There’s no doubt that music festivals have increased massively in the UK over the past decade – some of them even make a profit. So if you’re convinced your estate could be the next Larmer Tree or Bearded Theory, here are some of the key elements to consider when thinking about hosting a festival.
Who will run your festival?
If you intend to run it yourself, you must have a thorough knowledge of the festivals market. In addition, you will need good contacts, an understanding of licensing and legal requirements for contractors, and knowledge of practical issues such as parking/loos/camping facilities. You will also have to be well-versed in the ticket sales process to ensure good cash flow.
The alternative is to outsource the running of your festival and leave all of the above to the experts. Outsourcing may also give you scope to scale up quickly, leading to greater income, though clearly it will eat into whatever profit you make.
Have you covered every base?
There is a whole host of other things to think about, including:
- Site security for festivalgoers and to keep out trespassers.
- Noise mitigation.
- Access to the site and traffic control.
- Conflicts with other Estate activities (sporting enterprises, sports clubs, and so on).
- Considerations for farm tenants (finding alternative grazing, Basic Payment claims, conflicts with Stewardship agreements).
- Cash machines for the site.
Is the local community on side?
You must have the on-going support of your local community – bad feeling can damage ticket sales and could lead to objections in the future. Where possible use local businesses for services such as portaloos, waste management and catering. Invite locals to meetings where they can voice their concerns – this will also ensure that you and your organisers are aware of all the obstacles and issues.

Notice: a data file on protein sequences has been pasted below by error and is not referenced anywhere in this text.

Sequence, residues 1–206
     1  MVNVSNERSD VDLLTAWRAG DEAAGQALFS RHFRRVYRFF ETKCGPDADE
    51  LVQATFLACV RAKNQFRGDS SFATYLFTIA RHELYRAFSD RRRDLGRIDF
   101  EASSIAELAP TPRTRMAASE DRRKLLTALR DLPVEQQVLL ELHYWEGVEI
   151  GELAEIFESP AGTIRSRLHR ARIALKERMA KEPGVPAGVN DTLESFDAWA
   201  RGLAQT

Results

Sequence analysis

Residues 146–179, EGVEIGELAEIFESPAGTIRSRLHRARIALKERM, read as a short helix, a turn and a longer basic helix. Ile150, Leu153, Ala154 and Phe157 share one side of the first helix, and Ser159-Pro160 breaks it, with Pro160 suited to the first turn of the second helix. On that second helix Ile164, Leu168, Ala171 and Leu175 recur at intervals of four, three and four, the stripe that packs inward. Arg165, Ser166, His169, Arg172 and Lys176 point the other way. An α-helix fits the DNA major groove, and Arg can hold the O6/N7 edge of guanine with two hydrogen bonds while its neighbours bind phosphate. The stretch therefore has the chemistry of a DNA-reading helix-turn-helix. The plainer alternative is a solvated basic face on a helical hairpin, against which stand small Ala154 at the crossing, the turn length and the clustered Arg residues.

Also think about supporting the Parish, with donations to the Church and invitations for Parish groups to have stalls at the festival.
Will your festival meet expectations?
Festivalgoers expect far more than they used to in terms of food and accommodation, even at non-premium festivals. Fresh, healthy food has become commonplace and choice is vital. Campers also expect to have space, well-managed facilities and even showers. They will also need a supply of drinking water.
As for ‘glamping’, treat it with an element of caution. While it has certainly found a place at some festivals, it's still seen as an expensive option and is unlikely to grow much further at non-premium events.
It’s not just about the music
As competition from smaller festivals increases, festivals have to find a way to stand out from the crowd. Great music is obviously crucial, but you must think about other forms of entertainment, such as theatre, film, comedy, arts and crafts, activities, even banquets.